Background: The exaggerated adrenarche is an extreme variant of the maturation of the adrenal cortex, often associated with hyperinsulinemia and obesity. Hyperandrogenism by congenital adrenal hyperplasia (CAH) and adrenal neoplasms are differential diagnoses.
Case report: Male, 8 years and 3 months, who came from another service with diagnosis of Precocious Puberty and Obesity, already being treated with Leuprolide acetate for 1 year and half. His complaint was weight gain and growth of body hair since 5 years old. Physical exam: cushingoid face, weight 52.5 kg (BMI 35.9 Z=+4.87), height 121.5 cm (z=−1.24), abdominal perimeter 99 cm, acne, gynecomastia, Acanthosis nigricans, Tanner stage P5G2, testicles=3 cm3. Initial exams: Bone age 10 years, ACTH=43 pg/ml, cortisol=7.6 mcg/dl, urinary cortisol=576 mcg/24 h, renina=1.2 ng/ml per hour, DHEAS=4080 ng/ml, adrenal ultrasound, abdomen computed tomography and pituitary gland magnetic resonance image were normal. Lab work-up: 17OHPregnenolone =1719 ng/dl e ACTH test results DHEAS T0=4080 ng/ml, T60=4260 ng/ml, Androstenediona T0=3.2 ng/ml, T60=4.6 ng/ml, 17OHProgesterone T0=0.6 ng/ml, T60=7.2 ng/ml. It was suggested the hypothesis of CAH due to 3-Hydroxysteroid Dehydrogenase, and therapy with corticosteroids was started, but turned out unsuccessful. Then exaggerated adrenarche associated with exogenous obesity was the hypothesis, and he started treatment with Metformin for insulin resistance (HOMA-IR =7.1), aromatase inhibitor due to the advanced bone age (BA =13 years 6 months CI =10 years 7 months) and GH replacement. The patient reached the final height of 161 cm (z=−1.43), and remains an outpatient.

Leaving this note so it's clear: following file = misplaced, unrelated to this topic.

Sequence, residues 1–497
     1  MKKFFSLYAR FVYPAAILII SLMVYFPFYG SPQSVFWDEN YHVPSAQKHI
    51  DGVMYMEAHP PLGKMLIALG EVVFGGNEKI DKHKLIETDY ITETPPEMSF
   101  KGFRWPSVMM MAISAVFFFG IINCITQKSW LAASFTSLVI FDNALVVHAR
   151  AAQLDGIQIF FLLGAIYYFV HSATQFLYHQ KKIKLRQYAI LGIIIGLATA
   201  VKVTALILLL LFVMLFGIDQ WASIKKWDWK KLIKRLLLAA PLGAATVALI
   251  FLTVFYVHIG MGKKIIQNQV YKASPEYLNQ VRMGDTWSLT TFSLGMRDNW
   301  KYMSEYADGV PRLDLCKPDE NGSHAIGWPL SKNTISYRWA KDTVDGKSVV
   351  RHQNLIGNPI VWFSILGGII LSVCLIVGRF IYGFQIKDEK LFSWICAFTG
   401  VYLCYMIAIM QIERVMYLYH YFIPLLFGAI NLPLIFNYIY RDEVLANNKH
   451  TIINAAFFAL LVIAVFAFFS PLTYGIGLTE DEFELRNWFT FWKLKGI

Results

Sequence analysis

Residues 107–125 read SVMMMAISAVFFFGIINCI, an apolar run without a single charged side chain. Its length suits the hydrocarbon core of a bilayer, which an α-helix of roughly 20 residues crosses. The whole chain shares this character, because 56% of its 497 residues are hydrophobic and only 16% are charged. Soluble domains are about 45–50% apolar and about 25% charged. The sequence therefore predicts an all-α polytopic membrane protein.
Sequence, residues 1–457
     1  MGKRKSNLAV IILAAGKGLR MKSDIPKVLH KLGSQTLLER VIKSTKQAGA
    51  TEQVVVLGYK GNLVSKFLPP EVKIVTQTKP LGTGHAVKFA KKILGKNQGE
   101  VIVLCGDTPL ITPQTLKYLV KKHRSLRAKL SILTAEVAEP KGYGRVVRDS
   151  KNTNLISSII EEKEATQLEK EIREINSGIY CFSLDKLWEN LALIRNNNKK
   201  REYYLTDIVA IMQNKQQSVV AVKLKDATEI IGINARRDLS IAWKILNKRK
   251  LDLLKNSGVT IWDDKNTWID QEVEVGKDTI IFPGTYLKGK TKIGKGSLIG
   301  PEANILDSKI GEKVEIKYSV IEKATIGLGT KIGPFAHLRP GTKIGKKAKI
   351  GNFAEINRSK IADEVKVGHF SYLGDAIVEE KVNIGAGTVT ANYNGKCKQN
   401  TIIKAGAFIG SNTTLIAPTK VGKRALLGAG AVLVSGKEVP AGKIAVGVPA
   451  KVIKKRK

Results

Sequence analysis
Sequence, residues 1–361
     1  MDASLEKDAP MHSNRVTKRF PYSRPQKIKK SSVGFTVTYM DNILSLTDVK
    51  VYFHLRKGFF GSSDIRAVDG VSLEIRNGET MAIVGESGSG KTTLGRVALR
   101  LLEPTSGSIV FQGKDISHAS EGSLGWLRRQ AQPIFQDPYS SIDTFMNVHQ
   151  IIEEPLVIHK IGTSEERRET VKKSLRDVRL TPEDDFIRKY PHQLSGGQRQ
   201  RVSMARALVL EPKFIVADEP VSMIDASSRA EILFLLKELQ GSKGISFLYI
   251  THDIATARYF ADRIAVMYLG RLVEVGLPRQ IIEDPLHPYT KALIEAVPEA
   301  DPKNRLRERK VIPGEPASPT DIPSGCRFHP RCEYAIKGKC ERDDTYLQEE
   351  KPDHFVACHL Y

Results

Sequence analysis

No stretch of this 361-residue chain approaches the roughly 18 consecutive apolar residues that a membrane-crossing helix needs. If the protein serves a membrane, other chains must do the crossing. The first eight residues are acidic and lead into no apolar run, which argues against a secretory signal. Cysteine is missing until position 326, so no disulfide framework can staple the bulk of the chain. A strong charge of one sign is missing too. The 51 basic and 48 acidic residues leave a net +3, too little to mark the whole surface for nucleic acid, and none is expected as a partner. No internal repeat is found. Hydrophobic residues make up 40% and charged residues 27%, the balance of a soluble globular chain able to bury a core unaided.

Conclusion: Although it is a diagnosis of exclusion, the exaggerated adrenarche associated with obesity is becoming more common. However, the diagnosis is still a challenge.
10 - 12 Sep 2016
European Society for Paediatric Endocrinology